Thanks to NASA’s Kepler Space Telescope, an international team of astronomers joined forces and made quite the discovery.
They spotted a new eclipsing binary system, dubbed EPIC 216747137, which is also a post-common-envelope binary (PCEB) of the HW Virginis category.
The team’s work and more details are now available.
Here is what you need to know.
Surveying Eclipsing Binaries: What Should You Know
Eclipsing binaries (EBs) are some peculiar systems that display regular variations because one of the stars is traveling directly in front of its companion. HW Virginis stars are considered a type of EBs, comprising a hot subdwarf with an M-dwarf companion.
In the last few years, many new HW Virginis systems have been found from the light curves of the ATLAS and OGLE missions. According to astronomers, there will be even more discoveries thanks to NASA’s TESS (the Transiting Exoplanet Survey Satellite.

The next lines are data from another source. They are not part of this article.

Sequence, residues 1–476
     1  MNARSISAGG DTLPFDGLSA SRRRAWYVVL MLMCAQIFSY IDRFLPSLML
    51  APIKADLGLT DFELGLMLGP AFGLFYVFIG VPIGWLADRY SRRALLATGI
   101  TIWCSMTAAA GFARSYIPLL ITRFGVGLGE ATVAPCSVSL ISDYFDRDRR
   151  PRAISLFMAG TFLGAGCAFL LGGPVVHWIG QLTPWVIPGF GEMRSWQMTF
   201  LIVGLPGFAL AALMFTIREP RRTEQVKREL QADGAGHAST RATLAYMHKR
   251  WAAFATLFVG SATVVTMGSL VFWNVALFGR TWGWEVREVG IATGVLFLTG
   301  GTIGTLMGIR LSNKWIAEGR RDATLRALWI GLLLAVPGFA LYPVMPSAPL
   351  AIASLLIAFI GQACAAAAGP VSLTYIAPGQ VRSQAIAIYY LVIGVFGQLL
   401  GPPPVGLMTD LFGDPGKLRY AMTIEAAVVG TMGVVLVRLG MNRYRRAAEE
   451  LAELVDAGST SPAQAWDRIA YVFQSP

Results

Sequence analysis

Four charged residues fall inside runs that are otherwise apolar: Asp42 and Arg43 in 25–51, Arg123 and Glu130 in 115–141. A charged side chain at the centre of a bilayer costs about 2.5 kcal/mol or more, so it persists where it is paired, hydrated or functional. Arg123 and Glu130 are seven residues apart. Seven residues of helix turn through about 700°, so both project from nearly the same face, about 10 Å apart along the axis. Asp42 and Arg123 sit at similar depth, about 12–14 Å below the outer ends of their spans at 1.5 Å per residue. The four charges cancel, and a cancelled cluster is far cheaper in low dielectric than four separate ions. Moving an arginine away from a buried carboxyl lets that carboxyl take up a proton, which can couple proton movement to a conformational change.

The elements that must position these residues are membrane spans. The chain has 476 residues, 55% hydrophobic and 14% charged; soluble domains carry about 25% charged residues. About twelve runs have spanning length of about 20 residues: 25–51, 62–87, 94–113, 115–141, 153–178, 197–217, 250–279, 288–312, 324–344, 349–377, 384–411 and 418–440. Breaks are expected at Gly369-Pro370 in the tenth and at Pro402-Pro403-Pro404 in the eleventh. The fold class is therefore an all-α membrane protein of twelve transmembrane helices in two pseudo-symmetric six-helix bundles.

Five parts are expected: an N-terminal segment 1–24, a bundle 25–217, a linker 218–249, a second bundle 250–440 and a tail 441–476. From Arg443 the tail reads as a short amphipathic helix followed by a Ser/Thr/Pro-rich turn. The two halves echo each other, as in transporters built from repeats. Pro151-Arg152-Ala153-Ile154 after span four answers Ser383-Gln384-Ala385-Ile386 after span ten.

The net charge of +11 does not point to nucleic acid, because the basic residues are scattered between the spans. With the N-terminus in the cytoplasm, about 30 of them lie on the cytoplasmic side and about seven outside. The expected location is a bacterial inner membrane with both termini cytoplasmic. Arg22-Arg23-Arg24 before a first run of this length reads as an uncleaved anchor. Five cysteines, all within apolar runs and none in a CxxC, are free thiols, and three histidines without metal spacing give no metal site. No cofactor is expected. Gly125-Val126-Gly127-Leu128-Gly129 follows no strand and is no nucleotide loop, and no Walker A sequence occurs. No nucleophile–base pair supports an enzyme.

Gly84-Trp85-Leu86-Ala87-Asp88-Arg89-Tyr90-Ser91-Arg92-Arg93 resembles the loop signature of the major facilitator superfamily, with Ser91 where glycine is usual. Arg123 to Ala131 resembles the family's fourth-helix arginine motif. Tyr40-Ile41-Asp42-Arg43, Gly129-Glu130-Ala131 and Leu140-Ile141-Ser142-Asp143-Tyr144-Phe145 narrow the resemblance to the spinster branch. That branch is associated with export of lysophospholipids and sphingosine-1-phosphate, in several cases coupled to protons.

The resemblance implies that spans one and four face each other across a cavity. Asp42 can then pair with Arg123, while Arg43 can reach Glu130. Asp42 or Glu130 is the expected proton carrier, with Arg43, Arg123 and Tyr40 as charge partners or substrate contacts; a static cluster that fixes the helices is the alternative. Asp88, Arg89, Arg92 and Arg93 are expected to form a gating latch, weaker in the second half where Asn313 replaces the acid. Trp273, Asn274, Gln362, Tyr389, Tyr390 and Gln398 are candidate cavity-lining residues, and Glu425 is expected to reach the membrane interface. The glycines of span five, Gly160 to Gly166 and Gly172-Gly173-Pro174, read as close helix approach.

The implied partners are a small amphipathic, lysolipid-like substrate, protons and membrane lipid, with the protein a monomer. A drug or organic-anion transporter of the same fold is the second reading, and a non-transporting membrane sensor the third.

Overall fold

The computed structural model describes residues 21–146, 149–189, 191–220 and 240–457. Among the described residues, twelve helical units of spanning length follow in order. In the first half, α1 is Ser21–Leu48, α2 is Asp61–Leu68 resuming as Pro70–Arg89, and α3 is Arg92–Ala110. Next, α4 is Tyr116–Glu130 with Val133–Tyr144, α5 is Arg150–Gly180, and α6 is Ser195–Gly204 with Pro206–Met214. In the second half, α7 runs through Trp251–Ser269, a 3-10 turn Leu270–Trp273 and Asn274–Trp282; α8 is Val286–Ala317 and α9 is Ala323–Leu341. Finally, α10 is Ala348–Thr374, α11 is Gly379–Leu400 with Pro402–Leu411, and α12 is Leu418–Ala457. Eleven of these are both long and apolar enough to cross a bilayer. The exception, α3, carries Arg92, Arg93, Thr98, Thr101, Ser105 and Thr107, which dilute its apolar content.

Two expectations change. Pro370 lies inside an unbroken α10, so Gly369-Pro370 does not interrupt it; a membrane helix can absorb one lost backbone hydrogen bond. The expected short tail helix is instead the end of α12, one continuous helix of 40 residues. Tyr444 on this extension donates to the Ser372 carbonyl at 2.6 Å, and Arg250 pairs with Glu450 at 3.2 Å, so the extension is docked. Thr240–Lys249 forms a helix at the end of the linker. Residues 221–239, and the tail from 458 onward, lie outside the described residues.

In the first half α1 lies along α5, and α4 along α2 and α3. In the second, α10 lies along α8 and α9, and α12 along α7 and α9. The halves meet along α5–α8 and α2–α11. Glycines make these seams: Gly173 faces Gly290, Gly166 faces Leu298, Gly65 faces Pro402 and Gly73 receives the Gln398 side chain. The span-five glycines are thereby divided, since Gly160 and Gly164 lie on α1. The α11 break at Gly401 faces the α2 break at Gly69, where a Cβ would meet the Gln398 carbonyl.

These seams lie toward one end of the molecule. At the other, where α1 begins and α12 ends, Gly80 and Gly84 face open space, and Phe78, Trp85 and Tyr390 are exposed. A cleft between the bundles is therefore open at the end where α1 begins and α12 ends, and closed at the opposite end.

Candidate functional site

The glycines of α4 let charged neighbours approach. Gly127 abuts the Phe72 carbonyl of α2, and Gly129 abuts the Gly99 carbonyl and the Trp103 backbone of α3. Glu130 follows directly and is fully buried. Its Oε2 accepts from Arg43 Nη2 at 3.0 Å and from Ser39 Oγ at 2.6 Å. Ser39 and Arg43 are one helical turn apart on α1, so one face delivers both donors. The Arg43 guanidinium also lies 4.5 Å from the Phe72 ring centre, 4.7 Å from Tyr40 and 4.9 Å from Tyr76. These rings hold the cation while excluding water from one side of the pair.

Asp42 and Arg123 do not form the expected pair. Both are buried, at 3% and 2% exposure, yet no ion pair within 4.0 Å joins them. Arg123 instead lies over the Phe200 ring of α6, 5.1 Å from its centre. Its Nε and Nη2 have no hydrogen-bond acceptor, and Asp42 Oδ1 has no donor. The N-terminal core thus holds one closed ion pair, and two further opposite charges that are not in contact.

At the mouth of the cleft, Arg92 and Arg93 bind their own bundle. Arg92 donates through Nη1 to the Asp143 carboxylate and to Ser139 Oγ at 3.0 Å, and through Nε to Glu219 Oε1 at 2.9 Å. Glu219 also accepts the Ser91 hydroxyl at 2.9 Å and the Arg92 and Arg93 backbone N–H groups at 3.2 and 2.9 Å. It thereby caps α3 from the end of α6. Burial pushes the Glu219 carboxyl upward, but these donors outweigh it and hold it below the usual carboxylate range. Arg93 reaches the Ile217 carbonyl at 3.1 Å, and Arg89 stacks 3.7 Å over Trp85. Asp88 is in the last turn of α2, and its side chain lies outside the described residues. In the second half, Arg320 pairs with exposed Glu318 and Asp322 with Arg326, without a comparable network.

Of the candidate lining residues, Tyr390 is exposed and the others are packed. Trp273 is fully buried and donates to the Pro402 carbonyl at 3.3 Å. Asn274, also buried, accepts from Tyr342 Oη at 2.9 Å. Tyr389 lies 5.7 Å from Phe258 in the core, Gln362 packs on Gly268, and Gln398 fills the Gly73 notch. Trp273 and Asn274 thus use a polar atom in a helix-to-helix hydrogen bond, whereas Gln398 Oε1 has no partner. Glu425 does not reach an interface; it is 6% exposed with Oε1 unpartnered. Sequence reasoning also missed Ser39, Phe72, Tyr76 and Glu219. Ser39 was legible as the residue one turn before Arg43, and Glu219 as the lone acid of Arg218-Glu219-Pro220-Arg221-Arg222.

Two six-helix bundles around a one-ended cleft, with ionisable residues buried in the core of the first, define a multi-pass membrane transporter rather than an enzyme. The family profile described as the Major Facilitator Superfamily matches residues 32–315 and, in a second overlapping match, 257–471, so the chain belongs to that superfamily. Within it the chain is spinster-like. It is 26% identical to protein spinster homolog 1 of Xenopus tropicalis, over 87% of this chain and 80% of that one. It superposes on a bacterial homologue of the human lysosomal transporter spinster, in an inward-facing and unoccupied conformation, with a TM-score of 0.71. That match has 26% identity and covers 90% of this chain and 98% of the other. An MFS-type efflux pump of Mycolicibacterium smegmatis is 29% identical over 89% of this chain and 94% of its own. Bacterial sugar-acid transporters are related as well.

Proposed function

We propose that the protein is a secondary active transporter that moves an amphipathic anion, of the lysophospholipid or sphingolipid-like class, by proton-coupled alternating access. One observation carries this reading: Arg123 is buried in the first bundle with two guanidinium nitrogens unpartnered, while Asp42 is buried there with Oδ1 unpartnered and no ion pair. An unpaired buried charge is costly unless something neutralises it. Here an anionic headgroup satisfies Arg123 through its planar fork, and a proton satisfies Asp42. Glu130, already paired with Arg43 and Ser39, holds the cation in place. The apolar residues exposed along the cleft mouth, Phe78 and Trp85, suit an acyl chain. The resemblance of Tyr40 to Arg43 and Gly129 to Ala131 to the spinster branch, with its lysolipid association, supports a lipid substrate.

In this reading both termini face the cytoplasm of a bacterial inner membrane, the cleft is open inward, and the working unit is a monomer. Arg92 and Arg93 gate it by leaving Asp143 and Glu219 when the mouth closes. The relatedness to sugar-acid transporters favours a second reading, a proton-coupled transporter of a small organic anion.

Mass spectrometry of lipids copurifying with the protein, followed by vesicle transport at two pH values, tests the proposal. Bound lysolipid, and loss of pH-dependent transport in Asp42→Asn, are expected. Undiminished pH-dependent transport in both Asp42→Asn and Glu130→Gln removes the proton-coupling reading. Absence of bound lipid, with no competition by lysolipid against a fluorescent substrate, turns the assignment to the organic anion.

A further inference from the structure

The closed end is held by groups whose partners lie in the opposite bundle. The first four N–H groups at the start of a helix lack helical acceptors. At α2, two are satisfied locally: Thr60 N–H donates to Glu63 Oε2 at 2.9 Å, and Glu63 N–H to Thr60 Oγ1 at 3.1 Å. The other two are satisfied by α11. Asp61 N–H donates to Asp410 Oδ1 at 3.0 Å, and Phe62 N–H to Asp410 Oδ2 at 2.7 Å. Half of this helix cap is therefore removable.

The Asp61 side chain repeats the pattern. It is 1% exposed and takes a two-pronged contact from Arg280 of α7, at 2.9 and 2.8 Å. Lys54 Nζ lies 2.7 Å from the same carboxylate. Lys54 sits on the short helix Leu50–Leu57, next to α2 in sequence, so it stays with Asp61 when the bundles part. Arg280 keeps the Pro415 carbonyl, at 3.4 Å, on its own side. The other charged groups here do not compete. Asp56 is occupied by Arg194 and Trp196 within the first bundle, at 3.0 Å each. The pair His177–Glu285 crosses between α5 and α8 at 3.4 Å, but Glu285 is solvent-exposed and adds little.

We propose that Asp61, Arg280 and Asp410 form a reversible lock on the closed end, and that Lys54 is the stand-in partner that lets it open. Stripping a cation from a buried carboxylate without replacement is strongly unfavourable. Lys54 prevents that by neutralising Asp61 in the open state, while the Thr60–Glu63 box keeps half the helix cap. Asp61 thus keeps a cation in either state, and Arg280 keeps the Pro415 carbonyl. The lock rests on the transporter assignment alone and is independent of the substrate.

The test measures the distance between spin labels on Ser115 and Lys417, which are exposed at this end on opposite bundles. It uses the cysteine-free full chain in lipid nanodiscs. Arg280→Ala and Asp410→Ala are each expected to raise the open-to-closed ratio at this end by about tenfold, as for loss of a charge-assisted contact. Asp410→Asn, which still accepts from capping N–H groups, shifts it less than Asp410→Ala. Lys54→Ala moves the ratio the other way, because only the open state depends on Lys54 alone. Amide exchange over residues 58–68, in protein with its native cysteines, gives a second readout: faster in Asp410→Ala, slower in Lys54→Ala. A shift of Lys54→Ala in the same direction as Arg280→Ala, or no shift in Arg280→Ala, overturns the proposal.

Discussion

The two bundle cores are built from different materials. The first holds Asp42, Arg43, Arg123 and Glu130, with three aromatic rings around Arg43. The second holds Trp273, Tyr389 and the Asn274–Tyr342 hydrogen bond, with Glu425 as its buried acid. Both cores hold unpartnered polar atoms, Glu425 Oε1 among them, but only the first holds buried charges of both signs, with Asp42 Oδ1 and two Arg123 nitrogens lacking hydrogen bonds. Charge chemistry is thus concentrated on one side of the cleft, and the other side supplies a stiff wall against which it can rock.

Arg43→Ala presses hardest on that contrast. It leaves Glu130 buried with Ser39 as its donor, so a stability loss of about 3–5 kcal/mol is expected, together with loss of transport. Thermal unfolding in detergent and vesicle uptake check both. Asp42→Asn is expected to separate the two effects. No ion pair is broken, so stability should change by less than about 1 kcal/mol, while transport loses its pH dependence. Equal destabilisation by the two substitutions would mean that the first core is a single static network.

The team’s work
EPIC 216747137 was observed by NASA’s Kepler during its K2 mission. The team confirmed the HW Virginis origin of the cosmic body using the SAAO (the South African Astronomical Observatory), the NOT (the Nordic Optical Telescope), and the La Silla Observatory.
Furthermore, the astronomers discovered that EPIC 216747137 is a post-common-envelope eclipsing binary comprising an evolved and hot sub-luminous star of sdOB spectral type and a cold low-mass M-dwarf pal.
They also found that the system is approximately 2,900 light-years away and possesses an orbital period of only 3.87 hours. Such a thing triggers a powerful reflection effect from the other star.
Other Significant Details
The team also explained that EPIC 216747137 is only 505 light-years below the Galactic plane, meaning that the new system is part of our galaxy’s thin disc. And that’s a reason why the system is so intriguing.
The astronomers stated:
“[…] we conclude that the binary belongs to the thin disc population, which is also confirmed by its position in the Toomre diagram.”